1. The gait standard deviation, a single measure of kinematic variability.

    PubMed

    Sangeux, Morgan; Passmore, Elyse; Graham, H Kerr; Tirosh, Oren

    2016-05-01

    Measurement of gait kinematic variability provides relevant clinical information in certain conditions affecting the neuromotor control of movement. In this article, we present a measure of overall gait kinematic variability, GaitSD, based on combination of waveforms' standard deviation. The waveform standard deviation is the common numerator in established indices of variability such as Kadaba's coefficient of multiple correlation or Winter's waveform coefficient of variation. Gait data were collected on typically developing children aged 6-17 years. Large number of strides was captured for each child, average 45 (SD: 11) for kinematics and 19 (SD: 5) for kinetics. We used a bootstrap procedure to determine the precision of GaitSD as a function of the number of strides processed. We compared the within-subject, stride-to-stride, variability with the, between-subject, variability of the normative pattern. Finally, we investigated the correlation between age and gait kinematic, kinetic and spatio-temporal variability. In typically developing children, the relative precision of GaitSD was 10% as soon as 6 strides were captured. As a comparison, spatio-temporal parameters required 30 strides to reach the same relative precision. The ratio stride-to-stride divided by normative pattern variability was smaller in kinematic variables (the smallest for pelvic tilt, 28%) than in kinetic and spatio-temporal variables (the largest for normalised stride length, 95%). GaitSD had a strong, negative correlation with age. We show that gait consistency may stabilise only at, or after, skeletal maturity. PMID:27131201

  2. Surgical gesture classification from video and kinematic data.

    PubMed

    Zappella, Luca; Béjar, Benjamín; Hager, Gregory; Vidal, René

    2013-10-01

    Much of the existing work on automatic classification of gestures and skill in robotic surgery is based on dynamic cues (e.g., time to completion, speed, forces, torque) or kinematic data (e.g., robot trajectories and velocities). While videos could be equally or more discriminative (e.g., videos contain semantic information not present in kinematic data), they are typically not used because of the difficulties associated with automatic video interpretation. In this paper, we propose several methods for automatic surgical gesture classification from video data. We assume that the video of a surgical task (e.g., suturing) has been segmented into video clips corresponding to a single gesture (e.g., grabbing the needle, passing the needle) and propose three methods to classify the gesture of each video clip. In the first one, we model each video clip as the output of a linear dynamical system (LDS) and use metrics in the space of LDSs to classify new video clips. In the second one, we use spatio-temporal features extracted from each video clip to learn a dictionary of spatio-temporal words, and use a bag-of-features (BoF) approach to classify new video clips. In the third one, we use multiple kernel learning (MKL) to combine the LDS and BoF approaches. Since the LDS approach is also applicable to kinematic data, we also use MKL to combine both types of data in order to exploit their complementarity. Our experiments on a typical surgical training setup show that methods based on video data perform equally well, if not better, than state-of-the-art approaches based on kinematic data. In turn, the combination of both kinematic and video data outperforms any other algorithm based on one type of data alone. PMID:23706754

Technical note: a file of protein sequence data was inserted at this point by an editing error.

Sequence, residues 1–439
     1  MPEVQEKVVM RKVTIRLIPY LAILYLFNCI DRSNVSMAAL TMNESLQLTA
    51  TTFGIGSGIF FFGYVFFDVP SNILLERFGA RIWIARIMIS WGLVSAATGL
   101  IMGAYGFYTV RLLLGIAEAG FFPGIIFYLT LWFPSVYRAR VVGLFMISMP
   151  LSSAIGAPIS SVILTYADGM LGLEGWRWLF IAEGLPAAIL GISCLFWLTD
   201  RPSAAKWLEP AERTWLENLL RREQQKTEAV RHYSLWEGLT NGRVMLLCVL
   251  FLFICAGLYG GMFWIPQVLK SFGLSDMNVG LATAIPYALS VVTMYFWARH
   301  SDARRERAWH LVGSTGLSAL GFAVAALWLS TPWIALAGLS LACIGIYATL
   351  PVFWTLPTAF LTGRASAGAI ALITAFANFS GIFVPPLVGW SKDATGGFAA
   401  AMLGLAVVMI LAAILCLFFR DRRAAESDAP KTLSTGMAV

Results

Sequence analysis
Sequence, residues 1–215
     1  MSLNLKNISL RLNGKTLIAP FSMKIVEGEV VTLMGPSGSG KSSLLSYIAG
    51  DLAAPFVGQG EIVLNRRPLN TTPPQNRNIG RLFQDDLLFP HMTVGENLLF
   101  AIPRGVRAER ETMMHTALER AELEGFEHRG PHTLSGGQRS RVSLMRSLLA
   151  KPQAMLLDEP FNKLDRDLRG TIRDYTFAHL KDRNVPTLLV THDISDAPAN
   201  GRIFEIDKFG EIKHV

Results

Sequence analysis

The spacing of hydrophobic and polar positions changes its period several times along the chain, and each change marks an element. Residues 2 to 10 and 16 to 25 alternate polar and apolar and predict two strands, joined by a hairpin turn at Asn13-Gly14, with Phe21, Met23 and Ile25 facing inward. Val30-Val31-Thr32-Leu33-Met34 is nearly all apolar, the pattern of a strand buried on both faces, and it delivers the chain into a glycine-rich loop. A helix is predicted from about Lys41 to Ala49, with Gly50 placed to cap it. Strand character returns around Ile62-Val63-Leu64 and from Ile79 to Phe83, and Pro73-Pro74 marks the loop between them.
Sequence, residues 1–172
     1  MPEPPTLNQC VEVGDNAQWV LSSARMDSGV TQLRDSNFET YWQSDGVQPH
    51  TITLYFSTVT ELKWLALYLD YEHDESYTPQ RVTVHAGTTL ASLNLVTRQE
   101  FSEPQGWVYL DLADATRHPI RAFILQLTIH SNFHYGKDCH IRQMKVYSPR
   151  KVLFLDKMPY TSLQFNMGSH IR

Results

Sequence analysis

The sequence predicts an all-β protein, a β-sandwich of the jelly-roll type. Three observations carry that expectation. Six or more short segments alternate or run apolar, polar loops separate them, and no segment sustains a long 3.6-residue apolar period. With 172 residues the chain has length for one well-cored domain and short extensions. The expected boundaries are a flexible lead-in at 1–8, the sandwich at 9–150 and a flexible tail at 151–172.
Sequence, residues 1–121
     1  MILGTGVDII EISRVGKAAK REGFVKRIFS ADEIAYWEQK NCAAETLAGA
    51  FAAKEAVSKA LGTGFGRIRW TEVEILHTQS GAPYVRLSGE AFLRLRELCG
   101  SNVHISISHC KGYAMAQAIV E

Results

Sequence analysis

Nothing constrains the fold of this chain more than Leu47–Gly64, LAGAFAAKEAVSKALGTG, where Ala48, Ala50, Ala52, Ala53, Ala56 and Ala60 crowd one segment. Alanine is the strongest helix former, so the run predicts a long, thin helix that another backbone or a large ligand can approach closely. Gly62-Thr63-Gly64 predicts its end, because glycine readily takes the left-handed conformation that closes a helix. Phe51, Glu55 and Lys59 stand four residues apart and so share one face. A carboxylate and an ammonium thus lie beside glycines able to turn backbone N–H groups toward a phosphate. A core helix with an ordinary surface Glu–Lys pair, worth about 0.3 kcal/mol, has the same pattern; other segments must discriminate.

3. The Edge supersonic transport

    NASA Technical Reports Server (NTRS)

    Agosta, Roxana; Bilbija, Dushan; Deutsch, Marc; Gallant, David; Rose, Don; Shreve, Gene; Smario, David; Suffredini, Brian

    1992-01-01

    As intercontinental business and tourism volumes continue their rapid expansion, the need to reduce travel times becomes increasingly acute. The Edge Supersonic Transport Aircraft is designed to meet this demand by the year 2015. With a maximum range of 5750 nm, a payload of 294 passengers and a cruising speed of M = 2.4, The Edge will cut current international flight durations in half, while maintaining competitive first class, business class, and economy class comfort levels. Moreover, this transport will render a minimal impact upon the environment, and will meet all Federal Aviation Administration Part 36, Stage III noise requirements. The cornerstone of The Edge's superior flight performance is its aerodynamically efficient, dual-configuration design incorporating variable-geometry wingtips. This arrangement combines the benefits of a high aspect ratio wing at takeoff and low cruising speeds with the high performance of an arrow-wing in supersonic cruise. And while the structural weight concerns relating to swinging wingtips are substantial, The Edge looks to ever-advancing material technologies to further increase its viability. Heeding well the lessons of the past, The Edge design holds economic feasibility as its primary focus. Therefore, in addition to its inherently superior aerodynamic performance, The Edge uses a lightweight, largely windowless configuration, relying on a synthetic vision system for outside viewing by both pilot and passengers. Additionally, a fly-by-light flight control system is incorporated to address aircraft supersonic cruise instability. The Edge will be produced at an estimated volume of 400 aircraft and will be offered to airlines in 2015 at $167 million per transport (1992 dollars).